So anyway... The Road. I said my friend mentioned reading it, because you couldn't properly say she recommended it, which kind of makes sense. There are books where it seems ludicrous to say "I loved it" even when you feel glad you read it. It got me thinking about what I'm looking for when I read, which you might think I should have done before considering how much of my life I spend doing it, but hey, ask an addict why he's doing that heroin and see how lucid and well-thought-out an answer you get.

Finding out things you didn't know. That's an easy and obvious one. It seems incredibly decadent to me that if I want to know about how vaccines were developed, or what eighteenth century London was like, or if Robert A. Heinlein really was a big old fascist bastard, all I have to do is type in keyword in subject and away we go. I can lay my hands on any number of informative and surprising facts; unfortunately I don't seem able to remember most of them for more than a day or two, but if you catch me in that forty-eight-hour period I'm a veritable font of genius. Of course, if you'd like to talk about something other than the debatable merits of deliberately infecting oneself with cowpox, you might find me a little annoying that day.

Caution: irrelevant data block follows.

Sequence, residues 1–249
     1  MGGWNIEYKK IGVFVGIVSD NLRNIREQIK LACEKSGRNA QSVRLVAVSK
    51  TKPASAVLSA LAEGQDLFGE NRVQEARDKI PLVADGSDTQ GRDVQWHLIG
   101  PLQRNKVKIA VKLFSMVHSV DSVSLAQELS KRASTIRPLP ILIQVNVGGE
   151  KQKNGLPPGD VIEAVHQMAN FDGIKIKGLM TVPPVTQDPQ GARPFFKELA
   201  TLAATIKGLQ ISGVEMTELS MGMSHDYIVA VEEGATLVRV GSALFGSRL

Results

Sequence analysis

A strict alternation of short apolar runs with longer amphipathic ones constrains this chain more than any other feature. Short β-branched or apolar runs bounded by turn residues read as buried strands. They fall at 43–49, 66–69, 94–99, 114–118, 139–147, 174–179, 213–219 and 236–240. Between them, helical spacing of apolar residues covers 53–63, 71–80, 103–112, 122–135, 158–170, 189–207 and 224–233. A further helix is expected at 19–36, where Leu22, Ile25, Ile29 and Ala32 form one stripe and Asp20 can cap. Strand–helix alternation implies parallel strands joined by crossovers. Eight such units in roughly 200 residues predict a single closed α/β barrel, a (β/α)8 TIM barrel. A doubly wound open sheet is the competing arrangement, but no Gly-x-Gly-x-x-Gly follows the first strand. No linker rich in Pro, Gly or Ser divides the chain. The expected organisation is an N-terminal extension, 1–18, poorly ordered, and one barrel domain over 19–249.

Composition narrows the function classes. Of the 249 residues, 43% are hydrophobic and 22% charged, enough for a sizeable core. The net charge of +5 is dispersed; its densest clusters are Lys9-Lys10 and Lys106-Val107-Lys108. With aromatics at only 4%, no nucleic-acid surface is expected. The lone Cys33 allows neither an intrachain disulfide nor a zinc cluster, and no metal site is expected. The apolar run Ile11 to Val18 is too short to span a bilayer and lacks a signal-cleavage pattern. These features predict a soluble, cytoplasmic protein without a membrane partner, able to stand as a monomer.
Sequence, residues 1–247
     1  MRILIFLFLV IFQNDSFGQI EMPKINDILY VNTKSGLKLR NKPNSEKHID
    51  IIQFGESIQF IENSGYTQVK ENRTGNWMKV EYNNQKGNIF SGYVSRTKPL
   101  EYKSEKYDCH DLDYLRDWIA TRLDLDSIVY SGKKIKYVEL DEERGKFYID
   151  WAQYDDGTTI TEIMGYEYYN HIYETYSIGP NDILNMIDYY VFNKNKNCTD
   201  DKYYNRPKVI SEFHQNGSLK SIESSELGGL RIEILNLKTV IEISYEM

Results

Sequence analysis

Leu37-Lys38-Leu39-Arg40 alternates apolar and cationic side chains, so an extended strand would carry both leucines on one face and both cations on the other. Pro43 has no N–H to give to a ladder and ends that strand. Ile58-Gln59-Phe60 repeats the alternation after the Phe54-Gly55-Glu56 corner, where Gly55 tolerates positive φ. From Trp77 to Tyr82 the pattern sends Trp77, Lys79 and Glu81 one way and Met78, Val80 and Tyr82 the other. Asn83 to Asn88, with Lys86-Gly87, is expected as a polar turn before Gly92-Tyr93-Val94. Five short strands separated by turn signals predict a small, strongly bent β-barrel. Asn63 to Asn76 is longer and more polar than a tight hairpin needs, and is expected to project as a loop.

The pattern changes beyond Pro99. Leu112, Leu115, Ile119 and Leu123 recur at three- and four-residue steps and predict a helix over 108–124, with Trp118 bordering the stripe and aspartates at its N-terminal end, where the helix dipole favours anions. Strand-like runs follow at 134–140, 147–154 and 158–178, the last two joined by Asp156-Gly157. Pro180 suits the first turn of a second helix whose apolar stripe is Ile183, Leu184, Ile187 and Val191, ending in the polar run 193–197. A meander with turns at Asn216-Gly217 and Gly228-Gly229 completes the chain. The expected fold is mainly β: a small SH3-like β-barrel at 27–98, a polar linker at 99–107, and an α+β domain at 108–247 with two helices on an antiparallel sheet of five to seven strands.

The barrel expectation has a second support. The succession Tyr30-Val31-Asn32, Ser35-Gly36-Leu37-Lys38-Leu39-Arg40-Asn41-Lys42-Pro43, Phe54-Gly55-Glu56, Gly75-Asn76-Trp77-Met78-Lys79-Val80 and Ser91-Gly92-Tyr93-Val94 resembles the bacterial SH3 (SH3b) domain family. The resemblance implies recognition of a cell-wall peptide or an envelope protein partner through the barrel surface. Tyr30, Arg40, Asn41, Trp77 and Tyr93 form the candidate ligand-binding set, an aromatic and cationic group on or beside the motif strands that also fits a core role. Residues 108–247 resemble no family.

Sharing someone else's mind space. It's such a brave act, publishing something, isn't it? In Zadie Smith's On Beauty, there's a quote about the main character being shaken by another man's appearance: "This second fellow had such lucent white skin and so prominent a plate of bone in his forehead that Howard felt oppressed by the sheer mortality of the man. Never had another living being shown him this much skull". That's often how I feel when reading a really great book where the author's little beating heart seems to glow right through.